Category Archives: tutorial

Predict emotional states with the audEERING model

audEERING recently published an emotion prediction model based on a finetuned Wav2vec2 transformer model.

Here I'd like to show you how you can use this model to predict your audio samples (it is actually also explained in the Github link above).

As usual, you should start with dedicating a folder on your harddisk for this and install a virtual environment:

virtualenv -p=3 venv[![](](

which means we want python version 3 (and not 2)
Don't forget to activate it!

Then you would need to install the packages that are used:

protobuf == 3.20

easiest to copy this list into a file called requierments.txt and then do

pip install -r requirements.txt

and start writing a python script that includes the packages:

import audeer
import audonnx
import numpy as np
import audiofile
import audinterface

, load the model:

# and download and load the model
url = ''
cache_root = audeer.mkdir('cache')
model_root = audeer.mkdir('model')

archive_path = audeer.download_url(url, cache_root, verbose=True)
audeer.extract_archive(archive_path, model_root)
model = audonnx.load(model_root)

sampling_rate = 16000
signal = np.random.normal(size=sampling_rate).astype(np.float32)

load a test sentence (in 16kHz 16 bit wav format)

# read in a wave file for testing
signal, sampling_rate ='test.wav')

and print out the results

# print the results in the order arousal, dominance, valence.
print(model(signal, sampling_rate)['logits'].flatten())

You can also use audinterace's magic and process a whole list of files like this:

# define the interface
interface = audinterface.Feature(
        'outputs': 'logits',
# create a list of audio files
files = ['test.wav']
# and process it

should result in:

Also check out this great jupyter notebook from audEERING

Get your speech recognized with Whisper

OpenAI published new speech recognition models that are very easy to use and work in many languages trained on 680,000 hours of multilingual and multitask supervised data collected from the web.

In my case all I had to do to recognize some German test:

# create a virtual environment
virtualenv venv
# activate it
. venv/bin/activate
# install whisper
pip install git+
# run the test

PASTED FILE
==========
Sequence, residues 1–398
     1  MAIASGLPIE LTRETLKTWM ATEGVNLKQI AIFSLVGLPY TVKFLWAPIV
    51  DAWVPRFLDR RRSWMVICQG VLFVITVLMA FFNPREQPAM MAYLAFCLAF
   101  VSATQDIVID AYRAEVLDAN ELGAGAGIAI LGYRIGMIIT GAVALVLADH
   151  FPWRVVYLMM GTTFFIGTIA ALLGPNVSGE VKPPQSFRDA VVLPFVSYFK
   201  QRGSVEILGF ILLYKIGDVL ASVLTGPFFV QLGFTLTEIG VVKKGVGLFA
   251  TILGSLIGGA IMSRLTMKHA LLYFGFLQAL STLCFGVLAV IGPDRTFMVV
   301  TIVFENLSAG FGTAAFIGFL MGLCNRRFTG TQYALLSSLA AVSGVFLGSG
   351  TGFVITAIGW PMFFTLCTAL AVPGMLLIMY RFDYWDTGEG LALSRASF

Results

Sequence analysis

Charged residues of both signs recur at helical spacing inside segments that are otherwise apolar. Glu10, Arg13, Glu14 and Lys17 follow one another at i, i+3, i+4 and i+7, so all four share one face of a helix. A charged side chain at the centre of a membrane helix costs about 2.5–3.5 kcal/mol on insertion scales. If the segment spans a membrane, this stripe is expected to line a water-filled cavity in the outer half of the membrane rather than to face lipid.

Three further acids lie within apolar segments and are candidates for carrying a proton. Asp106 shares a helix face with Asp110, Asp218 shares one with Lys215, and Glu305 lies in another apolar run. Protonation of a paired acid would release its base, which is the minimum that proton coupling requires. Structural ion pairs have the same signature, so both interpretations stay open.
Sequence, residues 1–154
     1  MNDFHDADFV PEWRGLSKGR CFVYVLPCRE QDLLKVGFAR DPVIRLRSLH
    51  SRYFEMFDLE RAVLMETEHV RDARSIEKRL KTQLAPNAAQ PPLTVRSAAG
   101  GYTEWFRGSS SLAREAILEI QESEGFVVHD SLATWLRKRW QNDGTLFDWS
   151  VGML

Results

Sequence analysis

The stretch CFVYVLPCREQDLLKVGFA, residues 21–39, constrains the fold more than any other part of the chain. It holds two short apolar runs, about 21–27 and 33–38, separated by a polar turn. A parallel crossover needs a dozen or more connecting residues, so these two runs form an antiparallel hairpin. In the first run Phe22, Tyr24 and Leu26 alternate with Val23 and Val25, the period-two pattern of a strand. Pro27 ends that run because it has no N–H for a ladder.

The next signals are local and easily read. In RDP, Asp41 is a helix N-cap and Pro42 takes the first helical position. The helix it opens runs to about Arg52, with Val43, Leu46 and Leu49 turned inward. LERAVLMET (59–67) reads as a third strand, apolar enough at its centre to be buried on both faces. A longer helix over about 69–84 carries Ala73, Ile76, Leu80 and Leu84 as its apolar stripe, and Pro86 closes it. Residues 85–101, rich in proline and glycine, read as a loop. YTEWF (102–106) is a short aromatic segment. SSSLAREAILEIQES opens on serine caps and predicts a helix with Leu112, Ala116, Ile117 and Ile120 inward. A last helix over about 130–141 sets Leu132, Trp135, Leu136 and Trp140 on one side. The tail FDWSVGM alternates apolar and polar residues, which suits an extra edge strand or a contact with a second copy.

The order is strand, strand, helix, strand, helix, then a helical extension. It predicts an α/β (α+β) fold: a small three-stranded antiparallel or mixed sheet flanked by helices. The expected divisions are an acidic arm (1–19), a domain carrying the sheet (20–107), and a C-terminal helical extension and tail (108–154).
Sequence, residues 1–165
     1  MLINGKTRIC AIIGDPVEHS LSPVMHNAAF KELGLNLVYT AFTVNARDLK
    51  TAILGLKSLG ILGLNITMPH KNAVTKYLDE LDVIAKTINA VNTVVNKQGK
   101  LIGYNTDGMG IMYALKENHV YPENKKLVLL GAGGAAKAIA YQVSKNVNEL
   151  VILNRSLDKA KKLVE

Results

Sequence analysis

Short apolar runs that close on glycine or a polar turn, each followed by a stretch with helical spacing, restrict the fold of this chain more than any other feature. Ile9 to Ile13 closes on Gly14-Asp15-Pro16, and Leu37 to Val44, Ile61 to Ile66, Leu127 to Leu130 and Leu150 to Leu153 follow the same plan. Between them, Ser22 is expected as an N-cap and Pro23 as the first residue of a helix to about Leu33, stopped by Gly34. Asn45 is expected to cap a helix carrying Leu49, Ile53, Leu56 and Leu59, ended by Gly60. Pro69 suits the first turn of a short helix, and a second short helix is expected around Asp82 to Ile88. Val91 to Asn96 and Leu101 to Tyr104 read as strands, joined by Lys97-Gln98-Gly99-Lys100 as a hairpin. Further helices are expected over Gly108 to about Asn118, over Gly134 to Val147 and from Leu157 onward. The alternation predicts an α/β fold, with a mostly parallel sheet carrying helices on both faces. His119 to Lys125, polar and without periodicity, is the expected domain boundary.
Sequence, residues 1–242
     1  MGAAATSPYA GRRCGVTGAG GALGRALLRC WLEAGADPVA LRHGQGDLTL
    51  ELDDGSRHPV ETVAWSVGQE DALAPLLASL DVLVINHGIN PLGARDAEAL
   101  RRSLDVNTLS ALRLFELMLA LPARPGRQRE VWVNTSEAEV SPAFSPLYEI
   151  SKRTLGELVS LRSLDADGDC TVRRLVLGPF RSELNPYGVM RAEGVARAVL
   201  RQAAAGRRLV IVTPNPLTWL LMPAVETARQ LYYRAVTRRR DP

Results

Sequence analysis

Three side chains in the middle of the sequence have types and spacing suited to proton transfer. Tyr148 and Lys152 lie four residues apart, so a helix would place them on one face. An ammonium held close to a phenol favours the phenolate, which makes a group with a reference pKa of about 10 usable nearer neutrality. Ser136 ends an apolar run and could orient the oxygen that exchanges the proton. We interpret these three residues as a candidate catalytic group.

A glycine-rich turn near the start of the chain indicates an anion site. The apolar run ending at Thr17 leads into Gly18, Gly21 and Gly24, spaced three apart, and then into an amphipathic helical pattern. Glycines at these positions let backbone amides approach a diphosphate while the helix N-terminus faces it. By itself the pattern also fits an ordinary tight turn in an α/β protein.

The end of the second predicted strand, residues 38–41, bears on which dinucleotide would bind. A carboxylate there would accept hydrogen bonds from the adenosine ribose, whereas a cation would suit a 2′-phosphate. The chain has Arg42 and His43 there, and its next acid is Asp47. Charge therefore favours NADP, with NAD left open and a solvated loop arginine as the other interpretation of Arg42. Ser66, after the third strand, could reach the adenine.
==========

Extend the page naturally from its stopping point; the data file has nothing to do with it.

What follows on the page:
whisper test.wav --language German

And my file got recognized correctly, though it took a very long time: for the tiny model speed = x32, i.e. 32 times the time of the speech file duration, was announced

Nkululeko: How to evaluate a test set with a given best model

Since version 0.27.0, Nululeko has a concept for a test set, despite train and dev set.

Let's recap the concept of train/dev/test splits:

  • train is used to train a supervised model
  • dev is a set to evaluate this model, i.e. know when it is a good model (that doesn't overfit)
  • test is a set to be used ONLY once: for the real use of the model. If you would use the test as a dev set, you can't be sure if you're not overfitting again (because you used the dev set to adjust the meta parameters of your model).

So, in order to evaluate a third dataset ( beneath train and dev) you set a label_data entry in the configuration [DATA] section like so:

label_data = emovo
label_result = my_label_result.csv

and then run the experiment.

How to use Latex for your project documentation

Using a documentation system that separates content and presentation has many advantages, the biggest one probably flexibility.
I vote for latex and since there is now a company that offers free latex environment, you don't have to set it up yourself (you still can, but it might be tedious).

I've set up a sample project that you should be able to copy and use as a start here:

Overleaf sample project

How to speech synthesize in German with ESPnet

Here is how to text to speech (TTS) synthesize with a German single female speaker Tacotron2 model and esp2 net

You need the python packages

pip install torch espnet_model_zoo phonemizer

Then you can run

import soundfile
from espnet2.bin.tts_inference import Text2Speech

model = ''
text2speech = Text2Speech.from_pretrained(model)

speech = text2speech("Wow, das war ja einfach!")["wav"]
soundfile.write("out.wav", speech.numpy(), text2speech.fs, "PCM_16")

How to segment and label a speech database

Segmenting means in this case: splitting a longer audio file based on speech pauses.

This post shows you how to record, segment and then label a speech recording using the Ina speech segmenter and Labeltool.

Record audio

Firstly you need a recording. You might do that with your mobile phone or a microphone connected to your computer using, for example, Audacity.

I'd recommend recording / changing the sample rate to 16 kHz, as this is sufficient for speech recordings.

Let's say you stored your recording in the file longer_test.wav inside a directory named utterances.

Segment the recording

We start doing the segmentation in a python script.